Firstly, both Google and Apple are providing a lot more information, and are focusing a lot more on user experience in terms of crashes, app not responding, bad reviews etc. Users are more likely to write a good review if you provide more information, or create a better service with more value for them. Consumers in general are more interested in using the same app, the same experience, if they love it. So they will happily provide you with more information so that you can solve its issues, and keep using your app rather than trying something new. We call them Power Users or Advanced Users. With their help, we can keep the app updated and solve issues faster.

The second part of the answer is that all of the tools, ID integrations, shared knowledge, documentation, has been vastly improved. People understand now that they need to provide a service that runs smoothly with as little interference as possible for the user and they do their part to make sure that these issues remain as low as possible in the apps. We want a crash rate lower than 0.1%. So we work 90% of our time to build an infrastructure that will remain robust and maintain top quality, with a negligible amount of crashes, exceptions, and app issues, in general, that will harm and affect the user experience.

Do you believe that all bugs should always be fixed? If not, do you have ways of defining which ones do not need to be fixed?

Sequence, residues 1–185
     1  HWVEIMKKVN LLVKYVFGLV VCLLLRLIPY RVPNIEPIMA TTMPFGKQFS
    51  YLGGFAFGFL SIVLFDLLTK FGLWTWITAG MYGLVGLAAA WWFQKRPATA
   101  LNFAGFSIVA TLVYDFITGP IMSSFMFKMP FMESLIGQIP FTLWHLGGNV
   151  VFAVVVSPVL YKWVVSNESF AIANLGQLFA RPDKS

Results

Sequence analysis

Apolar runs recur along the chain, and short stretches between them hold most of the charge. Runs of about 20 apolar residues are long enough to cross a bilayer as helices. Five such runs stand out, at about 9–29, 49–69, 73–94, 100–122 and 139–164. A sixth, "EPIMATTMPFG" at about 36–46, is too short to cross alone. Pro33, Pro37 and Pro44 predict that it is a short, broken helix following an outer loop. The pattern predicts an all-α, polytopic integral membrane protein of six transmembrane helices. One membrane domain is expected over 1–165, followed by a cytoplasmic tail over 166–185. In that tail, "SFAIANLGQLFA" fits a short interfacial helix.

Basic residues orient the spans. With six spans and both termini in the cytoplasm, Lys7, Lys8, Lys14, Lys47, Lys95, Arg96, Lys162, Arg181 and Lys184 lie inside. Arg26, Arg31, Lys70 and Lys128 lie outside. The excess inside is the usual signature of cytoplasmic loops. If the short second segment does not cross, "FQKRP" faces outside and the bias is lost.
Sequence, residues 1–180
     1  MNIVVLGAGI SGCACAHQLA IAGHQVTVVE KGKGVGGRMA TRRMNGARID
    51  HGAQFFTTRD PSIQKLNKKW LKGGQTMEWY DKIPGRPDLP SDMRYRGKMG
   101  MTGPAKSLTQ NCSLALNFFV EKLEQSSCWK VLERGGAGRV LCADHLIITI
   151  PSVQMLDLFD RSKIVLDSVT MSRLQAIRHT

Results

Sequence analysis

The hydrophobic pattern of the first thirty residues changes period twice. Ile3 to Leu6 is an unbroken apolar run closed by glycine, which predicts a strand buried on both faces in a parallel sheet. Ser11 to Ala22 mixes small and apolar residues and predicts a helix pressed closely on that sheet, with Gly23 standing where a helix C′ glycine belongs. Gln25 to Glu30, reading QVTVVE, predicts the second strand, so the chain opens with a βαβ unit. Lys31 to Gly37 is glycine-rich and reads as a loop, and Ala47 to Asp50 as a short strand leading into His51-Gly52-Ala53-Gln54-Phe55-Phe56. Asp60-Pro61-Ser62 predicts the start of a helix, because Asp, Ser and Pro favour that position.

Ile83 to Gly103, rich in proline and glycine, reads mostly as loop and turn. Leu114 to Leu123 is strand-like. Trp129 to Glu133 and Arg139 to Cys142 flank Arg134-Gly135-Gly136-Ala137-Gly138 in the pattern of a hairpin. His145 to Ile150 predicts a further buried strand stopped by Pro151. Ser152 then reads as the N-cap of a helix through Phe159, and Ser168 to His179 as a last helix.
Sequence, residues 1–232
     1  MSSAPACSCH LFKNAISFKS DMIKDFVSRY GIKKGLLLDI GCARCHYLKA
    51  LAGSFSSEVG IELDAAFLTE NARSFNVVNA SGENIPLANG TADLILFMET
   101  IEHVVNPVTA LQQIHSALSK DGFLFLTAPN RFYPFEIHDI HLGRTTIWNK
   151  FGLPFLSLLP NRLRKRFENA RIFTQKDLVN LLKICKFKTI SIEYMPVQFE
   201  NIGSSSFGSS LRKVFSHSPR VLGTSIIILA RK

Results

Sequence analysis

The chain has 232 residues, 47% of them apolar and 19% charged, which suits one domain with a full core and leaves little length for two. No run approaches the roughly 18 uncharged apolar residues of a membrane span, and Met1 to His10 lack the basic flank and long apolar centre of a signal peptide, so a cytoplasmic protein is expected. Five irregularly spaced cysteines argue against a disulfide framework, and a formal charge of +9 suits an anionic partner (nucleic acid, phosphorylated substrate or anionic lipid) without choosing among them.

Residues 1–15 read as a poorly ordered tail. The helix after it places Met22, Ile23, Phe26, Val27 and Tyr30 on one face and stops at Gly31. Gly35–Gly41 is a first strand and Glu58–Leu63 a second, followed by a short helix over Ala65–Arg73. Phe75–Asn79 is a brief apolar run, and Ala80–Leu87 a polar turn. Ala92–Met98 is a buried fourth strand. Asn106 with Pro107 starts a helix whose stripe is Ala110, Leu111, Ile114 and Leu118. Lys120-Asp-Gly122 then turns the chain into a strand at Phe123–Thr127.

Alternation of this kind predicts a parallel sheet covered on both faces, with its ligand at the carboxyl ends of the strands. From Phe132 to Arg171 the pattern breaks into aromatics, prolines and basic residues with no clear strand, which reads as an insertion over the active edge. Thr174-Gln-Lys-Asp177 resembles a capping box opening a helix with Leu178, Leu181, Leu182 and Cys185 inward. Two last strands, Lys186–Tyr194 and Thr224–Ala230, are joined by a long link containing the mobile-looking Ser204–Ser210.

As a perfectionist, yes, we want to solve all of the app issues. But in terms of real life, we work with a simple process. We look at the impact of the bug. How many users are being impacted? What is the extent to the impact? What does the user have to do in order to use the service? Is it just a simple work around or is it preventing the user from using an important part of the app?

Do you close insignificant issues, or are they kept open in a back office somewhere?

No, so we are very careful and organized about all of the issues that we have in the system. We document every issue with as much information as possible. Sometimes you can fix an issue with dependency and provide a new version for some dependencies and then because of all the interactions of the code versions you have some issues being solved even though you didn’t do anything. So for example, this doesn’t happen much, but sometimes we have issues in the backlog that can remain unsolved for more than a month.

What is your view on QA teams? Some companies have come out saying that they don’t use QA teams and instead move that responsibility to the developer team. Do you believe that there should be a QA Team?

I believe that companies should have a Quality Assurance team, which is sometimes also called QE, Quality Engineering. I think as a developer, working on various platforms, when you implement a new feature or service, give or take on the architecture of the technology, the actual issue can be quite difficult to find. This requires a different point of view than the developer. When you develop or write the code, you have a different point of view in mind then users often have when it comes to using the app. 90% of the time users will actually often behave differently than developers anticipated when writing the code. So when we design the feature, sometimes we need to understand a bit better how users will interact. We have a product team that we involve and engage on an hourly basis. The same goes for QA. We use QA in our Innovation Studio as well, but the same goes for our apps. We are constantly engaging QA to see how to both resolve issues and understand better how the user will interact with the app.

What is your position on Android Unit testing: How are the benefits compared to the efforts?